Will Governments Determine The Future Of Privacy Coins?Dec 27, 2018, 1:31PM
The US Department of Homeland Security is looking to unravel the secrets of privacy coin transactions - but can regulators kill crypto-privacy ?
As the cryptocurrency space continues to grow, global regulators are ramping up their efforts to understand and monitor the increasing volume of financial exchanges facilitated by cryptocurrency technology. In the early days of the crypto revolution, Bitcoin was considered by many as an untraceable method of exchanging value on the internet, largely because law enforcement and government agencies did not understand the technology, and did not see a pressing need to dedicate resources to examining the crypto ecosystem. Since then, regulators have developed advanced methods of tracking Bitcoin transactions (and those of other cryptocurrencies) by examining the publicly visible ledgers inherent to blockchain technology. Authorities claim to monitor these blockchains with the intention of upholding existing monetary policies, protecting investors, and to ensure crypto-users cannot skirt around rules regarding money laundering or the purchase of illegal goods and services.
Because of this increased level of scrutiny, crypto-users are now turning to privacy coins —— which are cryptocurrencies designed to be completely anonymous and untraceable — to protect their transaction histories from the prying eyes of government and law enforcement agencies. In many cases, these privacy-concerned users are not necessarily criminals looking to avoid tax obligations, buy illegal goods, or launder dirty money, but rather crypto-enthusiasts who value untraceable transactions as a fundamental cornerstone of the cryptocurrency ideology.
Regulators are well aware of this growing interest in privacy coins and are now taking action in an attempt to monitor privacy coin transactions as well. Up until now, privacy coins have remained defiant against regulatory efforts to track transactions on their networks, leaving regulators with no choice but to substantially ramp up their efforts.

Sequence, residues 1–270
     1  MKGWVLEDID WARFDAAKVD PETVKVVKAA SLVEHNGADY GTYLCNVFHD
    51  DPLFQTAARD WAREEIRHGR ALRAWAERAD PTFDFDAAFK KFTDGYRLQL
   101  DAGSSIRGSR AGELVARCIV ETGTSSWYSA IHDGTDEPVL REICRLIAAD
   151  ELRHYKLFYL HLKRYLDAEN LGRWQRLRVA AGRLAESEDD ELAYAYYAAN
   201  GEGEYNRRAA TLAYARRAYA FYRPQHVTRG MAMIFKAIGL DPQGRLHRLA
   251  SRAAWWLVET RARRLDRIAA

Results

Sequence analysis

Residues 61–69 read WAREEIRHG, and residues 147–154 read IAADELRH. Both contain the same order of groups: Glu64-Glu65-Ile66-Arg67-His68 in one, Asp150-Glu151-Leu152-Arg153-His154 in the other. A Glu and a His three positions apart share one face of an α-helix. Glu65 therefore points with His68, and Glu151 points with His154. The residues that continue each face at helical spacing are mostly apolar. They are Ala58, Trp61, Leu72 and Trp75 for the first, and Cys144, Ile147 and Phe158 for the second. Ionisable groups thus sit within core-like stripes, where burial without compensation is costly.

Regulators Are Turning Up The Heat On Privacy Coins
Privacy coins, such as Monero, Dash and Zcash, are now squarely in the sights of the US Department of Homeland Security (DoHS), according to a recent pre-solicitation document published by the agency in late November. While the pre-solicitation document is only a precursor to the actual development of a regulatory platform, the document does outline a request calling for a platform capable of the forensic analysis of privacy coin blockchains.
A key feature underlying these newer blockchain platforms that is frequently emphasized is the capability for anonymity and privacy protection. While these features are desirable, there is similarly a compelling interest in tracing and understanding transactions and actions on the blockchain of an illegal nature. To that end, this proposal calls for solutions that enable law enforcement investigations to perform forensic analysis on blockchain transactions.
/ Document: DHS-FY19-SBIR-PreSolicitation, Published by: Department of Homeland Security’s Small Business Innovation Research Program